Not everyone will find this item fascinating, but it's worthy of a note for the record. A new interview with Noam Chomsky appears in something called January magazine. As is almost, though not quite, invariable in interviews with the sage of MIT, it is not hard-hitting ("he has provided an ongoing, devastating critique of power, empire and oppression", and so forth). This observation is also typical of Professor Chomsky's adulators: "The opposition Chomsky has engendered ranges from simple vitriol to abject hysteria, including bizarre accusations of Holocaust denial and sympathy for Cambodia’s Khmer Rouge."
See here, comrade. I know of no significant critic of Chomsky's political writings - say, Steven Lukes or Adam Roberts - who who has levelled a charge of Holocaust denial or sympathy for the Khmer Rouge. These accusations are straw men, the construction of which serves to obscure what is genuinely disturbing in Chomsky's political writings. This is that Chomsky does not see what is distinctively heinous in Holocaust denial and the genocidal campaign of the Khmer Rouge.
Chomsky's notorious defence of the Holocaust denier Robert Faurisson in 1981 was far from being an unexceptionable libertarian argument for free speech, as Chomsky liked to present it. On the contrary, Chomsky took issue with the obvious conclusion that Faurisson was an antisemite. Chomsky wrote: "As far as I can determine, [Faurisson] is a relatively apolitical liberal of some sort."
Chomsky was at pains to say that he was unfamiliar with Faurisson's writings, but he certainly knew enough about them from secondary sources to be aware of Faurisson's racism and pro-Nazism. Note that in the second of his pieces that I've linked to, Chomsky acknowledges having read an article by the historian and anti-racist campaigner Pierre Vidal-Naquet dissecting Faurisson's writings ("I was considerably more surprised to read in Esprit (September 1980) that Pierre Vidal-Naquet...."). The article by Vidal-Naquet is this one (in English here); it is not possible for an honest reader of this masterly exposition to dispute that Faurisson is an antisemitic bigot.
But rather than persist with arguing that the Earth is round, I'll make just this observation. Chomsky makes free use of such accusations as racism and complicity in state crimes. In this interview in 1988, for example, he described Thomas Friedman of the New York Times as an "astonishing racist and megalomaniac". Here is Chomsky, in 2001, accusing the political theorist Jeffrey Isaac of "support for state violence". And here he is, in 2006, accusing, well, me of "tacit acquiesence in horrendous crimes".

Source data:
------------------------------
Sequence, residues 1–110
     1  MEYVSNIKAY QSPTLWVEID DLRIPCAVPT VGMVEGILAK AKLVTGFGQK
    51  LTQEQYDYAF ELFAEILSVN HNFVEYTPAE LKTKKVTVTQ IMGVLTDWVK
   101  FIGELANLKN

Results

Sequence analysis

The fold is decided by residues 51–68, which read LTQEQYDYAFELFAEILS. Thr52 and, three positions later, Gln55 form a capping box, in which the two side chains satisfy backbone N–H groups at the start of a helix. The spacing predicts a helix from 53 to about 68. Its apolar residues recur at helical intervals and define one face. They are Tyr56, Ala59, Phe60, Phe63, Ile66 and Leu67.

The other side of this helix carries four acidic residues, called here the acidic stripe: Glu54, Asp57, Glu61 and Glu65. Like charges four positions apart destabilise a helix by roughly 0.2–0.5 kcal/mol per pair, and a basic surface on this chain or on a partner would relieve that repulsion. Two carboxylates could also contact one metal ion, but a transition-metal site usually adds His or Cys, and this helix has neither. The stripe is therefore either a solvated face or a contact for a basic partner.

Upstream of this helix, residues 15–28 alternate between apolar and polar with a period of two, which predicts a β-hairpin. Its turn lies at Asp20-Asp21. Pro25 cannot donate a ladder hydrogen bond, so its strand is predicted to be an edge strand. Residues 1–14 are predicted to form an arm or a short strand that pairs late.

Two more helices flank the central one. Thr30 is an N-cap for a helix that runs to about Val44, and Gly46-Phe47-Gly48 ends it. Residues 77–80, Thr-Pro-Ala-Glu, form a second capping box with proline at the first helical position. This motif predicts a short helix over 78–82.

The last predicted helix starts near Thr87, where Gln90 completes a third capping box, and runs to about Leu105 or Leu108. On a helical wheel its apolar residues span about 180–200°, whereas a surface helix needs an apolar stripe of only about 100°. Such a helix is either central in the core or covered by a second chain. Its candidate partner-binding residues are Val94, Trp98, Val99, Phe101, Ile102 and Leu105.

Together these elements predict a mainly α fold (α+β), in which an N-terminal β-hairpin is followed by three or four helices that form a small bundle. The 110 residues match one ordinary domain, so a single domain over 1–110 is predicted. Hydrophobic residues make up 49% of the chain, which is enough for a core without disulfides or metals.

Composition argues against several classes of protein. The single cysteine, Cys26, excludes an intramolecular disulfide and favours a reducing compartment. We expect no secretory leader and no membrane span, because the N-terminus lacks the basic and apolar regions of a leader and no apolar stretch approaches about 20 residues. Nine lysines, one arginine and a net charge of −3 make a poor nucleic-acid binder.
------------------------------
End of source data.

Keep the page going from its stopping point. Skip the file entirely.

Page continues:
You see the pattern here? It is one that runs through Chomsky's output. Friedman, Isaac and I are, in varying ways, advocates of liberalism. We are condemned by Chomsky in the terms I've quoted. But when writing of a man who undeniably is a racist, and who really is guilty of acquiscence in horrendous crimes, Chomsky eschews such language. Robert Faurisson's life's work is the denial, by fraudulent polemical techniques, of the greatest crime of our age. He appears to Chomsky, let us recall, a "relatively apolitical liberal of some sort".
All of this is, however, by way of preamble to the only significant point in the interview with Chomsky. It's well worth quoting. The first paragraph is by the interviewer. The second quotes Chomsky directly:
Mainstream media’s superficial reportage on Cambodia cast the lethal Khmer Rouge as arising without cause. Chomsky and colleague Edward Herman’s postulation was that the Khmer Rouge’s rise and eventual reign of terror -- far from appearing, in essence, out of nowhere -- was firmly a product of the American campaign of mass destruction in southeast Asia.
“The story about the Khmer Rouge ... I suspect must be the best, most careful, accurate” chronicle. “Nobody’s found a thing [that’s inaccurate]. If we were to rewrite it now, we’d do it exactly the same way.”
My word: Chomsky would write of the Khmer Rouge today exactly as he wrote of it in the 1970s. Well, this is what he and his collaborator Ed Herman did actually write about the Khmer Rouge at the time, in an article in The Nation in June 1977. (I have discussed here, with I hope the proper measure of incredulity and revulsion, more recent commentaries by Herman on the genocides at Srebrenica and in Rwanda.) They refer pointedly to "alleged Khmer Rouge atrocities" (emphasis added), and take issue with a comparison of Pol Pot's rule to Nazi Germany. They suggest that it is "more nearly correct" to compare Cambodia to "France after liberation, where many thousands of people were massacred within a few months under far less rigorous conditions than those left by the American war [in Indochina]".
This is so extraordinary that it bears repeating. Chomsky expressed these sentiments in 1977; and, on his own account, he would write exactly the same again today. To invoke a phrase of the master sophist himself: perhaps no more need be said.